Yesterday made a big batch of Jalfrezi Beef Curry for the freezer, and for B's supper he had egg, sausages, mini beefburgers, chips and peas. Myself had a brunch of toast (with naughty damson jam), and supper of sausage, a mini-burger, a very few chips and peas. Have to say that I found supper almost tasteless - as food seems to be these days, and now that I've read that taste buds disappear as we grow old, feel that I'm now destined to eating very boring meals. Only the highly spiced would give me any satisfaction, and these now cannot be eaten as it gives me indigestion. Sweet things are still pleasant to eat, but being diabetic.... It's not easy growing old. Thankfully (or maybe not) the storage of food has nothing to do (much) with the eating - this part I leave to my Beloved and any visitors that step through our door, so at least I can 'create' a meal that will satisfy part of my genetic makeup (both my dad and mum were good at making things and I seem to have a natural instinct to follow in their footsteps).

Flicking through 'More For Your Money', suddenly came across this dessert recipe is made with marrow (or very large courgettes). Because the book is based on 'do-it-yourself' (as far as possible) there is even a suggestion of using home-made marshmallows, and stock sugar syrup,so will give these recipes also.
Orange Marrow Delight: serves 4
1 small marrow (or end of a large one)
8 oz (225ml) sugar syrup
1 tblsp honey or golden syrup (opt)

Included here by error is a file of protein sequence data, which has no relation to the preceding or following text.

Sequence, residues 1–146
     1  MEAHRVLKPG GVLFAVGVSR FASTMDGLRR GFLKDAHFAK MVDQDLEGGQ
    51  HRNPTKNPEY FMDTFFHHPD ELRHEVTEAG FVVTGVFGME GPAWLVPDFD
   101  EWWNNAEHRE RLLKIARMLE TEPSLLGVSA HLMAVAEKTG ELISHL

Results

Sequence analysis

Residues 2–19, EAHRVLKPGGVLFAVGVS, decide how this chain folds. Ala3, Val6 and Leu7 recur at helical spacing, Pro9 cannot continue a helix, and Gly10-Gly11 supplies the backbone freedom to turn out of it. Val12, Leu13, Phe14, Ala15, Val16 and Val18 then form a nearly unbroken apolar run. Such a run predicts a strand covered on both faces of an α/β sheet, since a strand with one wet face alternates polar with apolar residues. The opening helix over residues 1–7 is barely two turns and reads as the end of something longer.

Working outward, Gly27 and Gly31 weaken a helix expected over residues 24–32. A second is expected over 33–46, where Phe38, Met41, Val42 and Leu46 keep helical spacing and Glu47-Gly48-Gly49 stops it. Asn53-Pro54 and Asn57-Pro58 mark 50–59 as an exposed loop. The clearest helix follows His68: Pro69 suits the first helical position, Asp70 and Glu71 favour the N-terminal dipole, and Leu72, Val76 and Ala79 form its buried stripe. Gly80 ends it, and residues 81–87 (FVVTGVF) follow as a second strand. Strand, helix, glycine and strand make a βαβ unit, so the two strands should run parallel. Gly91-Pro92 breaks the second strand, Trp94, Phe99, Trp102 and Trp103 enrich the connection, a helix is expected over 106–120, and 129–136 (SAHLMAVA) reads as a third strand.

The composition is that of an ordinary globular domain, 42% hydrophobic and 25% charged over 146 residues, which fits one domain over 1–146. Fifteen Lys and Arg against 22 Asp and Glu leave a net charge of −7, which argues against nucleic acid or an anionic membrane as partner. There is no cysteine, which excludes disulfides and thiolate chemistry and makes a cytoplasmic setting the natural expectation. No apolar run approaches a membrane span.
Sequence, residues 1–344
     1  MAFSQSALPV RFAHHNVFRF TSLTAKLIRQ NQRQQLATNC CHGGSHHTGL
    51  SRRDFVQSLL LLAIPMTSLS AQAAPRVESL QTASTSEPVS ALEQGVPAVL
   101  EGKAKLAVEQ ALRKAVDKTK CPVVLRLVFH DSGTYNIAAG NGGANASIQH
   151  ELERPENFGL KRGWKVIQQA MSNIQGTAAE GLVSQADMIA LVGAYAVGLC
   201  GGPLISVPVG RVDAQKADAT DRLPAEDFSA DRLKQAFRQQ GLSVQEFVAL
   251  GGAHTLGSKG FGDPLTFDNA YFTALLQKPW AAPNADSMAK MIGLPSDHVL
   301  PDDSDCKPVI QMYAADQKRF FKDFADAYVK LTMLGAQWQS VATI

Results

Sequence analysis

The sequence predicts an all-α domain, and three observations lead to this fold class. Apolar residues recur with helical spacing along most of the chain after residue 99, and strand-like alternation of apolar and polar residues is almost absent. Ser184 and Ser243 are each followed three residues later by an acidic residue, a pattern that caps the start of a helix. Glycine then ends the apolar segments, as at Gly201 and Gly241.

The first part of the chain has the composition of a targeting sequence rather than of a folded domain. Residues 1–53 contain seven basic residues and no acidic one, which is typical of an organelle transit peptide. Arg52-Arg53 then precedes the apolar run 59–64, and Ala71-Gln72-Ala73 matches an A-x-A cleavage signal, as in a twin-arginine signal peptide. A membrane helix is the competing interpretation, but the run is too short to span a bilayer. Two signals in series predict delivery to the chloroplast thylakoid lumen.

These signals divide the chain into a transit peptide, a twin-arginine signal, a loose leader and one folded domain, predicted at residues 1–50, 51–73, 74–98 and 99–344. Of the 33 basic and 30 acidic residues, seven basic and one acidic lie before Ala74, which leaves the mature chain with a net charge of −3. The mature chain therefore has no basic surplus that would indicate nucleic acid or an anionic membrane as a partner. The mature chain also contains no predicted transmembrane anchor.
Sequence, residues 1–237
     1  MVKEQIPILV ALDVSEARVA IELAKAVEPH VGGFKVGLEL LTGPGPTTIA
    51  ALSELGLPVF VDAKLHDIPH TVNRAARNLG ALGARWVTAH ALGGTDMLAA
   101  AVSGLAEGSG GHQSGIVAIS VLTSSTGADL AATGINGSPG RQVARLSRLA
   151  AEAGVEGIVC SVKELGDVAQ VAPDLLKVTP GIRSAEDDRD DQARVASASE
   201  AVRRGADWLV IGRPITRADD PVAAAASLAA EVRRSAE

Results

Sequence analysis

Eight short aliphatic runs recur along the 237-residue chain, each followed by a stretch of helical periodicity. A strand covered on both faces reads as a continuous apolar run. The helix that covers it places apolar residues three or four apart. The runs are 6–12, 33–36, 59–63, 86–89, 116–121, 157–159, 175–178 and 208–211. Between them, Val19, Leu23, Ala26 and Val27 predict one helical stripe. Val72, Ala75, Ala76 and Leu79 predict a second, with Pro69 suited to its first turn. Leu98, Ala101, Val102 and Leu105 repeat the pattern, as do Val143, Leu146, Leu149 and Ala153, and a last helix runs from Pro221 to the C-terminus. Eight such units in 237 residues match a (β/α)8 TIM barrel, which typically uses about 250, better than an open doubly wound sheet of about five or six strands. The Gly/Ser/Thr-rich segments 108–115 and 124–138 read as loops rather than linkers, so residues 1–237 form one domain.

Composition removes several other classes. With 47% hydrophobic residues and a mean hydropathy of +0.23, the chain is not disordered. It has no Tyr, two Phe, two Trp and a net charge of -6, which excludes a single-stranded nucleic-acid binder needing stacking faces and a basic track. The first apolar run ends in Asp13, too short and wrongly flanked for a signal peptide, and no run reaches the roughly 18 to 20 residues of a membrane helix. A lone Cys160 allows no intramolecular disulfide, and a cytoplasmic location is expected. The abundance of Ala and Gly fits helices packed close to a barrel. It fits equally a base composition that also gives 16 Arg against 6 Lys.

2 oranges
2 oz (50g) brown sugar
2 oz (50g) home-made marshmallows
Peel and core the marrow. Cut the flesh into cubes and put in a pan with the sugar syrup and honey, adding a little water to cover (only if necessary) and simmer gently until the marrow has softened. Drain, cool and reserve the liquid.
Peel the oranges, removing as much pith as possible, then slice the fruit thinly, and cut each slice in half.
Arrange the marrow in a shallow baking dish, top with the orange slices and pour over 2 tbls of the syrup left from cooking the marrow. Sprinkle with brown sugar then bake at 180C, 350F, gas 4 for 15 minutes. Sprinkle the marshmallows on top and then put under a grill until the top is lightly browned.

sugar syrup:
2 lbs sugar
1 1/4 pints of water
Put the sugar and water into a saucepan and heat gently until the sugar has dissolved. Swirl the pan to help dissolve the sugar, this prevents crystals reforming after cooling (as can happen when stirred with a spoon). Bring to the boil and simmer for 4 minutes, then leave to cool and pour into clean, sterilized jars. Cover and store in a cool place (pref the fridge although it normally keeps well anyway). Use for sorbets, fruit salads, soft drinks, desserts (as above recipe) and for making candied peel.

2 egg whites
2 oz (50g) sugar
1 sachet gelatine
red/pink food colouring (opt)
icing sugar